Iran’s nuclear chief says Tehran regards an incident involving an International Atomic Energy Agency (IAEA) inspector carrying "suspicious" material during a visit of an Iranian nuclear facility last month as an act of "industrial sabotage."
In an interview with the Young Journalists Club (YJC) news agency published on Saturday, head of the Atomic Energy Organization of Iran (AEOI) Ali Akbar Salehi said inspectors are checked upon their entrance to Iranian nuclear plants in a procedure that is routine across the world.
It was during this procedure that one of the IAEA's inspectors was found in possession of "suspicious material," Salehi said, adding her responses to questions about the material, however, "were not convincing and acceptable."
All these events, he noted, were documented, filmed and recorded, but because of the inspector's diplomatic immunity, she could not be held.
"But we wrote a letter of protest to the IAEA and declared that we will pursue the matter," he added.
He also touched on Stuxnet which is a malicious computer worm widely believed to have been made by the US and Israel.
In 2010, the malware hit the Natanz uranium enrichment plant, in the first publicly known example of a virus being used to attack industrial machinery.
Stuxnet was meant to damage Iran's nuclear facilities but failed to do so because "we had been warned" about it, Iran’s nuclear chief said, adding, the virus only damaged some petrochemical factories.
He further touched on the selling of "defective devices" to Iran, saying the AEOI is currently holding an exhibition displaying what he referred to as "industrial sabotage."
"Although they (the enemies) sought to stop the [nuclear] industry in Iran, their wish never realized and they could only inflict little damage on us, because we thwarted their sabotage before it turned into a problem," he said.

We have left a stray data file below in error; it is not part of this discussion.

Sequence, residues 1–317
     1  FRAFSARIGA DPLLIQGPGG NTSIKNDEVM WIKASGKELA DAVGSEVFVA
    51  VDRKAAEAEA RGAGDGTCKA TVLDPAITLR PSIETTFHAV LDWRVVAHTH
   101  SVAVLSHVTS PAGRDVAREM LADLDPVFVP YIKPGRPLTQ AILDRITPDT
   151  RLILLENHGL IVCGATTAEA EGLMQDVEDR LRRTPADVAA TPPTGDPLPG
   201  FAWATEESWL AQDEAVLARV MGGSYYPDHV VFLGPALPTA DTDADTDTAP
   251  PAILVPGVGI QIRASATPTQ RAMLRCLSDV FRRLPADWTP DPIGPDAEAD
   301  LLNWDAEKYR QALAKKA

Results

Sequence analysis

"We always remain vigilant about the enemies' (plans to) damage the nuclear industry," he added.
"They used Stuxnet malware against us, perpetrated acts of industrial sabotage against us, sold us defective equipment, but we were vigilant in that regard and view the IAEA inspector's recent move in the same line."
Salehi also emphasized that Iran had asked the agency to pursue the issue.
IAEA experts regularly inspect Iran's nuclear plants under the Joint Comprehensive Plan of Action (JCPOA), which was signed between Iran and six world states — namely the US, France, Britain, Russia China and Germany — in 2015.
Washington’s unilateral exit in May 2018, however, left the future of the historic deal in limbo.
Tehran remained fully compliant with the JCPOA for an entire year, waiting for the co-signatories to fulfill their end of the bargain by offsetting the impacts of American sanctions, which were re-imposed on Iran following the US withdrawal from the JCPOA.
As the European parties failed to do so, Tehran moved in May 2019 to suspend its parts of its JCPOA commitments in 60-day stages under Articles 26 and 36 of the accord.
So far, Iran has gone through four stages in scaling back its commitments.